Saturday, October 31, 2015

The Senior I Sinners

As a city-kid in Chicago, my dad was fortunate to be able to escape to New England in the summers. His parents sent him to Camp Pemigewassett (Camp Pemi) in the White Mountains of New Hampshire. It just sounds relaxing and rejuvenating doesn't it?

Last weekend I found a little treasure tucked in the newsletters that the camp sent home to its campers in the winter, a poem of sorts, apparently written by a tent or cabin mate of Dad's. I thought it would be fun to share for Halloween although I realize that there are people who might find this offensive, with references to Satan and Hell. But please keep in mind that it was written by a teenager at summer camp 60 years ago.

Seniors at Camp Pemi would have been 15 or 16 years old. I have changed all the names except Dad's.

"The Senior I Sinners"

When I was in Heaven, I heard the Lord tell
How early one morning he went down to Hell.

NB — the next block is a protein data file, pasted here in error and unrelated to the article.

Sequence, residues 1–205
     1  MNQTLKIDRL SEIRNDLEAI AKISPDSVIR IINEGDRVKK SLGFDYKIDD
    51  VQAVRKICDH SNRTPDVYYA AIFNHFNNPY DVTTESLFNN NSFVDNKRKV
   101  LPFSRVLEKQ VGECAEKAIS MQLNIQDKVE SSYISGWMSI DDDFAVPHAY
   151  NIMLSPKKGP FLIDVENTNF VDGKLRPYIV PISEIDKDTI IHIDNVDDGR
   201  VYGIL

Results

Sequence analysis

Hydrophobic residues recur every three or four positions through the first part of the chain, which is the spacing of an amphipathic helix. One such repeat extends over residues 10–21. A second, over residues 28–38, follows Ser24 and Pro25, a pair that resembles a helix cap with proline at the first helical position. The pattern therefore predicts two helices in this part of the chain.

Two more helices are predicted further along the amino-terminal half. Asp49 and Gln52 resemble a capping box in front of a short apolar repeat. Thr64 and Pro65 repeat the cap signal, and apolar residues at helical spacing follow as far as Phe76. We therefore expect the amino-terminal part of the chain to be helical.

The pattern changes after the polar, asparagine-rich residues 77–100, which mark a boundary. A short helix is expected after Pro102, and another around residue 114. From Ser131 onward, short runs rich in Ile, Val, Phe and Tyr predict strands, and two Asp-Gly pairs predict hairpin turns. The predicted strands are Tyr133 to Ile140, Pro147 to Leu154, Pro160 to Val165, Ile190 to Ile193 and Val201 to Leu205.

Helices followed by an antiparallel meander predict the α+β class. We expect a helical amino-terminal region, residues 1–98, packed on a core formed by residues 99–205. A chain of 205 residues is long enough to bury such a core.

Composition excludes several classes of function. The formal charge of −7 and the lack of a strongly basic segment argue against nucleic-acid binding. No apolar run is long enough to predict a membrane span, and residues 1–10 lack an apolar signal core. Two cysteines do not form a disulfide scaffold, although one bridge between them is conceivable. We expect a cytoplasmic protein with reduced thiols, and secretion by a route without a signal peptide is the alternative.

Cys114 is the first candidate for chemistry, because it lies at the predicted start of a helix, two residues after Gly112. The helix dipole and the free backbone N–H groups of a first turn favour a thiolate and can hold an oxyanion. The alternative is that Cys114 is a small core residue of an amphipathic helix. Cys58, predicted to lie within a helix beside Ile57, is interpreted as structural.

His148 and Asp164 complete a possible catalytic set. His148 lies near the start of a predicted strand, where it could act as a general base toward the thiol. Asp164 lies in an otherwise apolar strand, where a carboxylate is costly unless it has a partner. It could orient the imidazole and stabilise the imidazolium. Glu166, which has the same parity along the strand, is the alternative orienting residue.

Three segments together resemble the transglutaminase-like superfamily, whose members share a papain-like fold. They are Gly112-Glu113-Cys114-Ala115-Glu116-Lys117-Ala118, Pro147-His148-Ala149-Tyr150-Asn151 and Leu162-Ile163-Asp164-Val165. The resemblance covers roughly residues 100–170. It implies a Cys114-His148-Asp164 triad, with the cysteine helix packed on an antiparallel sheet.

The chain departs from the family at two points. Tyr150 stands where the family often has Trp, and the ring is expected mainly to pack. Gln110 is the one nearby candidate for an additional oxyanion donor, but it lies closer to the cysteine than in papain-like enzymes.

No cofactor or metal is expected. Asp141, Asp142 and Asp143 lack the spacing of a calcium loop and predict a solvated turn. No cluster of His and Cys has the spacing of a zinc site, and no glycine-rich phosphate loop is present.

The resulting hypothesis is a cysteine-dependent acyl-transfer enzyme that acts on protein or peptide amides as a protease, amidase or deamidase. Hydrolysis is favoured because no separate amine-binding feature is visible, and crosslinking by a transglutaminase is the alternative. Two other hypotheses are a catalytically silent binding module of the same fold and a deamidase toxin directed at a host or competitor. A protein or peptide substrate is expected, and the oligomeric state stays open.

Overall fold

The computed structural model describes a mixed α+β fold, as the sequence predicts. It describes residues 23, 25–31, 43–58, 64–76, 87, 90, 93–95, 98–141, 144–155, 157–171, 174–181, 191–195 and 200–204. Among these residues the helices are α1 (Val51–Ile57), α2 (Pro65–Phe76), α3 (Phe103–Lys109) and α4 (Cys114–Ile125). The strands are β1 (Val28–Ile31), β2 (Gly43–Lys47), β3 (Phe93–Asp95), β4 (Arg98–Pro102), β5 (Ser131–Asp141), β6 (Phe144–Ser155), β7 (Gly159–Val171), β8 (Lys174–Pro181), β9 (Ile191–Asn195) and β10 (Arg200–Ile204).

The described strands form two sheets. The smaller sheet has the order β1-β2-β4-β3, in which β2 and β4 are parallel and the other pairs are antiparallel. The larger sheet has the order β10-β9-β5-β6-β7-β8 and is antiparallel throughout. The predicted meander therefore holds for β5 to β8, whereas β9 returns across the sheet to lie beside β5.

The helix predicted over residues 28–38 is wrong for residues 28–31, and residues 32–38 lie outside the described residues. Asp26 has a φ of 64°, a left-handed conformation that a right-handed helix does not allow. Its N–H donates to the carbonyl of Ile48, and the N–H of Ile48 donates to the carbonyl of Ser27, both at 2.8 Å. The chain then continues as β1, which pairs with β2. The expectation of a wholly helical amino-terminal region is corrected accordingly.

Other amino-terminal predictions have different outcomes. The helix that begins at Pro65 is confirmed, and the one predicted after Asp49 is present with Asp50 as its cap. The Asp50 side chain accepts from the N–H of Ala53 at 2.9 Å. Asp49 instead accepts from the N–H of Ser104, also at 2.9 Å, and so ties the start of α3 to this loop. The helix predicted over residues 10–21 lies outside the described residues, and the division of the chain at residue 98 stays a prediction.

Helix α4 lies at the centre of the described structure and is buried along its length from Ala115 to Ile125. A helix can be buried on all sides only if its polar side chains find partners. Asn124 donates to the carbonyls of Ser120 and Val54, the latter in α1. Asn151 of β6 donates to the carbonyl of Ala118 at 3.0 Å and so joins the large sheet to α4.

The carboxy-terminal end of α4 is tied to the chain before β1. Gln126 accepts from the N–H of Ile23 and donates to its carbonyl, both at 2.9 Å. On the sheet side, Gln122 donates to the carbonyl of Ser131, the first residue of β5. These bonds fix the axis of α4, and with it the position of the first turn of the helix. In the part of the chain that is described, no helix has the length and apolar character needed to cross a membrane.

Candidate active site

The devil was sitting in a big yellow chair,
With a whole group of sinners from Senior I there.

MacAfee and Jones were dancing about,
and they drank from a bottle that never ran out.
The girls from Camp Ogontz danced through the door,
and panting behind them trotted Dan Moore.

The hell-fires were burning with a fierce glowing heat,
And on them was cooking the barbecue meat.
Roast venison, duckling, chicken and ham,
and the breasts of 2 peacocks for our Charlie Chan.

Brown, Smith and Evans were dealing the deck,
Said the devil, "I'll teach them some new tricks, by heck."
When the third hand was over, his pile was bare,
Said the devil, "I'm quitting, you're not playing fair."

Dan Taylor and Satan then drank a long spree
Until the poor devil could no longer see,
Said the devil, "I'm dizzy and cannot see far,
Won't Thompson please put out that big black cigar."

"I need some new gut for my racket," said Green,
So they grabbed the poor devil and cut out his spleen.
And as they were laughing poor Satan did wail,
For Matthews was tying large knots in his tail.

"Get out," said the devil, "you're driving me mad,
Such a wild bunch of rowdies I never have had.
Go back to Camp Pemi from where you have come!"
And if you may want them, they haunt Senior I.

Happy Halloween!

Tuesday, October 27, 2015

A Little Break

Work has been a little busier than usual and we have been distracted this week by the odd behavior of our Basenji, DJ.